Targeting mitochondrial dysfunction in neurodegenerative disease: Part II.
ABSTRACT With improvements in life expectancy over the past decades, the incidence of neurodegenerative disease has dramatically increased and new therapeutic strategies are urgently needed. One possible approach is to target mitochondrial dysfunction, which has been implicated in the pathogenesis of numerous neurodegenerative disorders.
This review examines the role of mitochondrial dysfunction in neurodegeneration, drawing examples from common diseases such as Alzheimer's disease and rarer familial disorders such as Charcot-Marie-Tooth. The review is provided in two parts. In part I we discussed the mitochondrial defects which have been most extensively researched (oxidative stress, bioenergetic dysfunction, calcium mishandling). We focus now on those defects which have more recently been implicated in neurodegeneration; in mitochondrial fusion/fission, protein import, protein quality control, kinase signalling and opening of the permeability transition pore.
An examination of mitochondrial defects observed in neurodegeneration, and existing and possible future therapies to target these defects.
The mitochondrially-targeted therapeutics that have reached clinical trials so far have produced encouraging but largely inconclusive results. Increasing understanding of mitochondrial dysfunction has, however, led to preclinical work focusing on novel approaches, which has generated exciting preliminary data.
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ABSTRACT: Cancer and neurodegeneration are often thought of as disease mechanisms at opposite ends of a spectrum; one due to enhanced resistance to cell death and the other due to premature cell death. There is now accumulating evidence to link these two disparate processes. An increasing number of genetic studies add weight to epidemiological evidence suggesting that sufferers of a neurodegenerative disorder have a reduced incidence for most cancers, but an increased risk for other cancers. Many of the genes associated with either cancer and/or neurodegeneration play a central role in cell cycle control, DNA repair, and kinase signalling. However, the links between these two families of diseases remain to be proven. In this review, we discuss recent and sometimes as yet incomplete genetic discoveries that highlight the overlap of molecular pathways implicated in cancer and neurodegeneration.PLoS Genetics 01/2010; 6(12):e1001257. · 8.69 Impact Factor
Article: High throughput microplate respiratory measurements using minimal quantities of isolated mitochondria.[show abstract] [hide abstract]
ABSTRACT: Recently developed technologies have enabled multi-well measurement of O(2) consumption, facilitating the rate of mitochondrial research, particularly regarding the mechanism of action of drugs and proteins that modulate metabolism. Among these technologies, the Seahorse XF24 Analyzer was designed for use with intact cells attached in a monolayer to a multi-well tissue culture plate. In order to have a high throughput assay system in which both energy demand and substrate availability can be tightly controlled, we have developed a protocol to expand the application of the XF24 Analyzer to include isolated mitochondria. Acquisition of optimal rates requires assay conditions that are unexpectedly distinct from those of conventional polarography. The optimized conditions, derived from experiments with isolated mouse liver mitochondria, allow multi-well assessment of rates of respiration and proton production by mitochondria attached to the bottom of the XF assay plate, and require extremely small quantities of material (1-10 µg of mitochondrial protein per well). Sequential measurement of basal, State 3, State 4, and uncoupler-stimulated respiration can be made in each well through additions of reagents from the injection ports. We describe optimization and validation of this technique using isolated mouse liver and rat heart mitochondria, and apply the approach to discover that inclusion of phosphatase inhibitors in the preparation of the heart mitochondria results in a specific decrease in rates of Complex I-dependent respiration. We believe this new technique will be particularly useful for drug screening and for generating previously unobtainable respiratory data on small mitochondrial samples.PLoS ONE 01/2011; 6(7):e21746. · 4.09 Impact Factor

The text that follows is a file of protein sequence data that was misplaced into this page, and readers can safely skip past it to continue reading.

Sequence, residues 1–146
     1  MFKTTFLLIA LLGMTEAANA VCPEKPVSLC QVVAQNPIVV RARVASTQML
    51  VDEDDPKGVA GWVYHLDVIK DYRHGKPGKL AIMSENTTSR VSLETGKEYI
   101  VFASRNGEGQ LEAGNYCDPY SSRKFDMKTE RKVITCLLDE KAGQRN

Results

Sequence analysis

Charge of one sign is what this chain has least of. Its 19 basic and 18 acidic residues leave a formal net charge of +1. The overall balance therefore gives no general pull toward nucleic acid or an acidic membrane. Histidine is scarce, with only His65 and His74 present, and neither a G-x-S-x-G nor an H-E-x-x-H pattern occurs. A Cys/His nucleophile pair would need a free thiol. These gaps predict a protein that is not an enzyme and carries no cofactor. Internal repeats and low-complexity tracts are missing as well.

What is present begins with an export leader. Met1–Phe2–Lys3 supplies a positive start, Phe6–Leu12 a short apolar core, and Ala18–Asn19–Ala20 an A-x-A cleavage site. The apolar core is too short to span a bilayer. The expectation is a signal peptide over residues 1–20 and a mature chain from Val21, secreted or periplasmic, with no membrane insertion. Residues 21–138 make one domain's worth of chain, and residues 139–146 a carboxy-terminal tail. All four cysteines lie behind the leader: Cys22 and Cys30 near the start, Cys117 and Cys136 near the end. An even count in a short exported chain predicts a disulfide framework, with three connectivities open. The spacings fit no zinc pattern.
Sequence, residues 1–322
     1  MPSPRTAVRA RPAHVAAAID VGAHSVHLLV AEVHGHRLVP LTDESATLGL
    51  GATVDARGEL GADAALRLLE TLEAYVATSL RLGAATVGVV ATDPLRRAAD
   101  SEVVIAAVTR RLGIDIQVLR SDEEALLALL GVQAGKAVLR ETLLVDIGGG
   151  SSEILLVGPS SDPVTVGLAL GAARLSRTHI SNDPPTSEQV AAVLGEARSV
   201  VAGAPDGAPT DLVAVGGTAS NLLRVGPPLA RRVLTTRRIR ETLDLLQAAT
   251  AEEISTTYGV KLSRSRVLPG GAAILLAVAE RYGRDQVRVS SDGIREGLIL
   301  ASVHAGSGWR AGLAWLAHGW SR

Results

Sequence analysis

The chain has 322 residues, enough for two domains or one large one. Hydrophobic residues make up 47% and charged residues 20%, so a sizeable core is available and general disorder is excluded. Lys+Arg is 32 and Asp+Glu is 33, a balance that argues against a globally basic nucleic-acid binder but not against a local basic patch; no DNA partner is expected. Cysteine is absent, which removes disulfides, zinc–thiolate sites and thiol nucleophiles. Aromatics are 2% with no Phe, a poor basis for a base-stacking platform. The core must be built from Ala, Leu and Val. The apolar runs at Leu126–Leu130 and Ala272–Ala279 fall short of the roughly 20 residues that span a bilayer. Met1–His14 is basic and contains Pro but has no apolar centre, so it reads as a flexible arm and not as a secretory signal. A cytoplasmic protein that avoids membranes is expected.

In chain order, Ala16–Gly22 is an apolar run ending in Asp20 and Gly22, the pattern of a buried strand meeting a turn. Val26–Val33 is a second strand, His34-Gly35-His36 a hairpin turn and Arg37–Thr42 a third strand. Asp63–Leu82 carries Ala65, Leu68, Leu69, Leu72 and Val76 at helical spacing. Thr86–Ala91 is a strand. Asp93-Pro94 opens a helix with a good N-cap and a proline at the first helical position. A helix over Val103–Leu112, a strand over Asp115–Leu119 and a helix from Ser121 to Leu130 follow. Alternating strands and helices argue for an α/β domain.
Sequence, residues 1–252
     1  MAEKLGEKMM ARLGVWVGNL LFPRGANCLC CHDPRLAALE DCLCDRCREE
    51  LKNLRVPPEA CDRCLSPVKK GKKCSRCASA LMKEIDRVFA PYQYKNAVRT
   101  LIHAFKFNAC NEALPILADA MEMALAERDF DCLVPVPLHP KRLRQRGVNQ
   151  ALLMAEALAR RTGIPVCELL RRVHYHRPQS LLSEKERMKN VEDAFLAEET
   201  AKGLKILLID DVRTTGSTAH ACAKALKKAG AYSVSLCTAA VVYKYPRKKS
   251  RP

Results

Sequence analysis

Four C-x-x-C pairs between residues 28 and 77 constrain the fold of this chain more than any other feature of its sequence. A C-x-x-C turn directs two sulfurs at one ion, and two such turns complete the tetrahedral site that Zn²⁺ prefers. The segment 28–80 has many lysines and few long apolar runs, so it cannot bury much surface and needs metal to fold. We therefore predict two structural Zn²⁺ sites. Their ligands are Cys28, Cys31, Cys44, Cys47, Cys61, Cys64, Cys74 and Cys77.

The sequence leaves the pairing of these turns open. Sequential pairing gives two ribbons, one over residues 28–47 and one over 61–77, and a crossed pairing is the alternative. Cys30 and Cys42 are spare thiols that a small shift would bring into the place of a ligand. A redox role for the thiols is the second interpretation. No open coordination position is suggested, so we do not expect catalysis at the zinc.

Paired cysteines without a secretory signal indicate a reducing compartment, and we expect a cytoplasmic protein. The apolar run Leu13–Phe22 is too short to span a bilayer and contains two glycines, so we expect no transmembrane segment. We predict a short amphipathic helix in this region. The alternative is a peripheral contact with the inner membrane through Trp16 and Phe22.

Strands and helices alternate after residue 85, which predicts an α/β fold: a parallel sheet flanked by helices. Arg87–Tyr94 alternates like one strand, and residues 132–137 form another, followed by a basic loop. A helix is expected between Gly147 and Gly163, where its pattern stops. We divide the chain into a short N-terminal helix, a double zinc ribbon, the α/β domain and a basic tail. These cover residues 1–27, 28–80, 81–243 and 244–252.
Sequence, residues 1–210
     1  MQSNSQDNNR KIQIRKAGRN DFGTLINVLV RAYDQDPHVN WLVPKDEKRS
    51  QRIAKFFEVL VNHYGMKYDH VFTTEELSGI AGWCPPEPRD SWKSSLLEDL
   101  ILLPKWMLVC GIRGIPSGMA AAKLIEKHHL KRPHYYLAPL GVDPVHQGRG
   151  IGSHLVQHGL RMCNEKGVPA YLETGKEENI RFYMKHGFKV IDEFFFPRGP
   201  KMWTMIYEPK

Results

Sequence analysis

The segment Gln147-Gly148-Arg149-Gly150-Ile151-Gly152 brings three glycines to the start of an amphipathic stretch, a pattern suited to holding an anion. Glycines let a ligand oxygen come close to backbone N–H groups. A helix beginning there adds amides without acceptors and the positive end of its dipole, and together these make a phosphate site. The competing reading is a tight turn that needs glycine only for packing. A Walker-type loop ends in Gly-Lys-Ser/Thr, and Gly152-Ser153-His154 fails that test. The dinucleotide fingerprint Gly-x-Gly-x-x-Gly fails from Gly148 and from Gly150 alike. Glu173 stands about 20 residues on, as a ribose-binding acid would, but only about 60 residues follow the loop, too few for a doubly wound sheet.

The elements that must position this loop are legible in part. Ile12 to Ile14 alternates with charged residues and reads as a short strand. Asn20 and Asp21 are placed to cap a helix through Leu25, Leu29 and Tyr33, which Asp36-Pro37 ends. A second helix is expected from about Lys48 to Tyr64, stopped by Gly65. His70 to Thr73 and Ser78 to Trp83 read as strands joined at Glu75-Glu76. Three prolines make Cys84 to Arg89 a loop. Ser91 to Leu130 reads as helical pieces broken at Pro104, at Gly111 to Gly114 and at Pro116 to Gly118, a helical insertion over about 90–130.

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ABSTRACT: Understanding the mechanisms of neuronal dysfunction and death represents a major frontier in contemporary medicine, involving the acute cell death in stroke, and the attrition of the major neurodegenerative diseases, including Parkinson's, Alzheimer's, Huntington's and Motoneuron diseases. A growing body of evidence implicates mitochondrial dysfunction as a key step in the pathogenesis of all these diseases, with the promise that mitochondrial processes represent valuable potential therapeutic targets. Each disease is characterised by the loss of a specific vulnerable population of cells--dopaminergic neurons in Parkinson's disease, spinal motoneurons in Motoneuron disease, for example. We discuss the possible roles of cell type-specific calcium signalling mechanisms in defining the pathological phenotype of each of these major diseases and review central mechanisms of calcium-dependent mitochondrial-mediated cell death.Pflügers Archiv - European Journal of Physiology 05/2012; 464(1):111-21. · 4.46 Impact Factor